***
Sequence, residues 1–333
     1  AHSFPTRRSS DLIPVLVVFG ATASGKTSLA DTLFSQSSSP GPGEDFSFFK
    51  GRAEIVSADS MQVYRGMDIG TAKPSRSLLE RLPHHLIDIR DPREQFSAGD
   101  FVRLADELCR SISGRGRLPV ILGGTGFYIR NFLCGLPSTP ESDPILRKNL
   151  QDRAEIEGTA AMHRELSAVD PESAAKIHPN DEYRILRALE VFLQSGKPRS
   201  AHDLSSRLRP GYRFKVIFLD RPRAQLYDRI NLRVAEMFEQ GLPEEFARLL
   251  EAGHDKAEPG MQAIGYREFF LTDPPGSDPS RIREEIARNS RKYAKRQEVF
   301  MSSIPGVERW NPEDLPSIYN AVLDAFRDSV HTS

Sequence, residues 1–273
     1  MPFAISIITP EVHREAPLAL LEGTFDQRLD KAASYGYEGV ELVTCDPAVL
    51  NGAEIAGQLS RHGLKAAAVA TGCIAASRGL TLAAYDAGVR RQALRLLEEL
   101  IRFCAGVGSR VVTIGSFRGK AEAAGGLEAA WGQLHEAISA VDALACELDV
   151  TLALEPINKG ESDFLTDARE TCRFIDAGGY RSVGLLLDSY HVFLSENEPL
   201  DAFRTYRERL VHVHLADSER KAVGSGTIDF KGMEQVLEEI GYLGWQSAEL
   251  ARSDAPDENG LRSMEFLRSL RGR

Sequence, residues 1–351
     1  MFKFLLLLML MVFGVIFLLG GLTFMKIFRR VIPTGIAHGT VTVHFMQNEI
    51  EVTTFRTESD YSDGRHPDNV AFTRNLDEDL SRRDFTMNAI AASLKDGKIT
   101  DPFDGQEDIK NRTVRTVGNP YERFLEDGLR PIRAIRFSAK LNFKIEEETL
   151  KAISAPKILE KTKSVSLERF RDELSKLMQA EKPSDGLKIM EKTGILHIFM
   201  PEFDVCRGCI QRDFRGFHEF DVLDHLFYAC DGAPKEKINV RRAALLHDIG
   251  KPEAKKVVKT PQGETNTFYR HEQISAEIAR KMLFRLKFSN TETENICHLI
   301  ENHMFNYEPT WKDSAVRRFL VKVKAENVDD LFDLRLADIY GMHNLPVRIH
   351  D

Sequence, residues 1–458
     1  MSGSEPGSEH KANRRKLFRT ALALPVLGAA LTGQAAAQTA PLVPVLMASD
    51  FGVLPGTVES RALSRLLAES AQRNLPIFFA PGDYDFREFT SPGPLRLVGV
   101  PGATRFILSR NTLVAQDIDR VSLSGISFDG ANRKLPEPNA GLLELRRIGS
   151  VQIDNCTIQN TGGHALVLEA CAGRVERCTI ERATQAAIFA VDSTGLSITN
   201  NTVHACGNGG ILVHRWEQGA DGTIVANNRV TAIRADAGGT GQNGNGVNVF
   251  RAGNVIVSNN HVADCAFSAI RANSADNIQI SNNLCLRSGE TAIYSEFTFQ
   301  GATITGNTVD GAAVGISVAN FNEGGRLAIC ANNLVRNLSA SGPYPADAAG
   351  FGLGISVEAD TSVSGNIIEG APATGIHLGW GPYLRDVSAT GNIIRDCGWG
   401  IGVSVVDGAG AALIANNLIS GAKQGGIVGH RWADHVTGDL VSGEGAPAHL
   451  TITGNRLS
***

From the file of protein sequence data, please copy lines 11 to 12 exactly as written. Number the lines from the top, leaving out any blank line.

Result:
    51  NGAEIAGQLS RHGLKAAAVA TGCIAASRGL TLAAYDAGVR RQALRLLEEL
   101  IRFCAGVGSR VVTIGSFRGK AEAAGGLEAA WGQLHEAISA VDALACELDV